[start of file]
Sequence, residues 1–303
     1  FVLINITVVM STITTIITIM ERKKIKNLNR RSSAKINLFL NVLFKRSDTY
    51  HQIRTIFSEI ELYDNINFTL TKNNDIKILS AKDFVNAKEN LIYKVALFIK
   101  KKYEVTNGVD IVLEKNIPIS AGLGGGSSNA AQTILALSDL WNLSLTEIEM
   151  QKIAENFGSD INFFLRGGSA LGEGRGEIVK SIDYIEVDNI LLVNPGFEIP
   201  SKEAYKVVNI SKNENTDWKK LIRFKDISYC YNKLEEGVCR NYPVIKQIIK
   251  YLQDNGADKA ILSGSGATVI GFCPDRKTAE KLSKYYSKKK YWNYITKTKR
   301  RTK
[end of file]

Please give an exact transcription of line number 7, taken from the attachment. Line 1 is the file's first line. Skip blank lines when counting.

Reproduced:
   251  YLQDNGADKA ILSGSGATVI GFCPDRKTAE KLSKYYSKKK YWNYITKTKR